Hundreds of millions of years ago, a carnivorous creature ate a feast of prehistoric amphibians — and then vomited up its meal.
Now paleontologists have unearthed the burp and published their findings on the ancient upchuck.
In 2018, researchers discovered regurgitalite — fossilized remains of an animal’s stomach contents, also known as bromalite — during an excavation in the southeastern Utah portion of the Morrison Formation.
Stretching across the western United States, this strip of sedimentary rock is a breeding ground for Late Jurassic fossils (164 to 145 million years ago).
This section in particular, dubbed the “Jurassic Salad Bar” by local paleontologists, contains the fossilized remains of plants and other organic matter rather than animal bones.
When a team that included researchers from the Utah Geological Survey (UGS) stumbled upon the “compact little pile” of regurgitated remains measuring no more than a third of an inch square, they knew they had found something Special, the scientists reported in a study published on 12 25 in the diary Palaios.
“What struck us was this low concentration of animal bones in a relatively small space,” lead author John Foster, curator of the Utah Field House of Natural History State Park Museum in Vernal, told Live Science.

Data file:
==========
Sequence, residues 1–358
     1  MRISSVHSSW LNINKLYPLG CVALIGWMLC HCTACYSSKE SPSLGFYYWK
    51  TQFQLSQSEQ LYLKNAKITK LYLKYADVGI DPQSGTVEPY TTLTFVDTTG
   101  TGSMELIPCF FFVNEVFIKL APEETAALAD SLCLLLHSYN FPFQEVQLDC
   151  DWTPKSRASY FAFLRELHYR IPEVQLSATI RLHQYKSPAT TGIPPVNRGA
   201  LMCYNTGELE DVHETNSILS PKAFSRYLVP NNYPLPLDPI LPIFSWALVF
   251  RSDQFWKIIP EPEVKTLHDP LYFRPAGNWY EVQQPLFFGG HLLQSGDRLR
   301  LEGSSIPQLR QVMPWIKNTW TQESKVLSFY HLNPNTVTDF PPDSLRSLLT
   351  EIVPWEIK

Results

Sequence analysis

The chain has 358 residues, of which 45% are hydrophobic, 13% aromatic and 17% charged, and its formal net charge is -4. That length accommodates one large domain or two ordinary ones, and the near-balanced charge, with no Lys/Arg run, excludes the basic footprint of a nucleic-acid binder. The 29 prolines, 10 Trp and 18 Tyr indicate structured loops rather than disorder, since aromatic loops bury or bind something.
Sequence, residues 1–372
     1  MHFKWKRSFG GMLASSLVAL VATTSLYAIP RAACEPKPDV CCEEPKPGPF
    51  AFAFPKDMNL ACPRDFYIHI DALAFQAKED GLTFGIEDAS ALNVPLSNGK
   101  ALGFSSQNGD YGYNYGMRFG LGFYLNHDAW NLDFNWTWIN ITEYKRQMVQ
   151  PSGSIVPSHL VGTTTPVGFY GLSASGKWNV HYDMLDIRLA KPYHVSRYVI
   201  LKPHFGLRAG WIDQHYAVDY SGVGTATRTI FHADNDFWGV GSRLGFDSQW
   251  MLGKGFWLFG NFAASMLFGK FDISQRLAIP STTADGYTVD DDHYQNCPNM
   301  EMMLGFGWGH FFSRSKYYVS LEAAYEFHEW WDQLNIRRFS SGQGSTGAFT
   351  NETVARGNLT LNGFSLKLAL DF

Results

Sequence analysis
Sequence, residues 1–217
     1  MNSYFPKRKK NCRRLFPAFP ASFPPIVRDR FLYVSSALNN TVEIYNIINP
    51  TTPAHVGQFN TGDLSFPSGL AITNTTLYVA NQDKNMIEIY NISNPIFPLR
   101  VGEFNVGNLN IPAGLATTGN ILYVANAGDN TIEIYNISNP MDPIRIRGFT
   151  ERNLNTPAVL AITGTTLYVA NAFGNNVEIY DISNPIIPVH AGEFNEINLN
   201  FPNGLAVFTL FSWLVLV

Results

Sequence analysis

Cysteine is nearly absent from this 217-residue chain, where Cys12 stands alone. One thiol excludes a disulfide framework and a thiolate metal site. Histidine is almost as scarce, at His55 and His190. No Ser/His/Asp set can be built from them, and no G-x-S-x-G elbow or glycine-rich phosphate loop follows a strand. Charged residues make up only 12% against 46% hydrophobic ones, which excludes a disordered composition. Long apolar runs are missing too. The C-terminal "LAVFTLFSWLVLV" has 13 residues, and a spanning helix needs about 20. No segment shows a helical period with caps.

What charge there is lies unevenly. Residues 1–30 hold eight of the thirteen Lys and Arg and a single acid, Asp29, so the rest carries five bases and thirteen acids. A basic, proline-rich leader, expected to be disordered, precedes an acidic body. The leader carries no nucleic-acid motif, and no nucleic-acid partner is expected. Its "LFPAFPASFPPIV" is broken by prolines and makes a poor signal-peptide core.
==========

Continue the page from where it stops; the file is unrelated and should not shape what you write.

“There are usually no animal remains at this site, only plants, and the bones we found were not laid out [amongst the rock] but concentrate on this one spot. These are the first bones we’ve ever seen there.”
Initially, the team was unaware that they had found prehistoric vomit. Instead, the scientists thought they had discovered the bones of a living thing, until they “realized that some of them looked fake and not all came from a single salamander,” Foster said.
“On closer inspection, most of the material comes from a frog and at least one salamander. It was then that we began to suspect that what we were seeing was being vomited up by a predator.”
These remains include amphibian bones, particularly thigh bones from a frog and a salamander, as well as vertebrae from one or more unidentified species.
In all, nearly a dozen bone fragments were found along with a matrix of fossilized soft tissue, according to the study.
And unlike coprolites (fossilized feces), this burp isn’t fully digested, leading researchers to conclude it’s a burp.
Although there are a number of regurgitalite finds around the world, Foster said this is the first known case of regurgitalite in the Morrison Formation, calling the discovery “unique”.
While there’s no way to know exactly which animal species lost its lunch millions of years ago — or why it choked in the first place — further analysis could determine other components of the partially digested animals the predator swallowed.
“We think there’s more to this thing than just the tiny amphibian bones,” Foster said. “By doing a chemical analysis, we can start to rule things out and determine what exactly the soft tissues are made of.”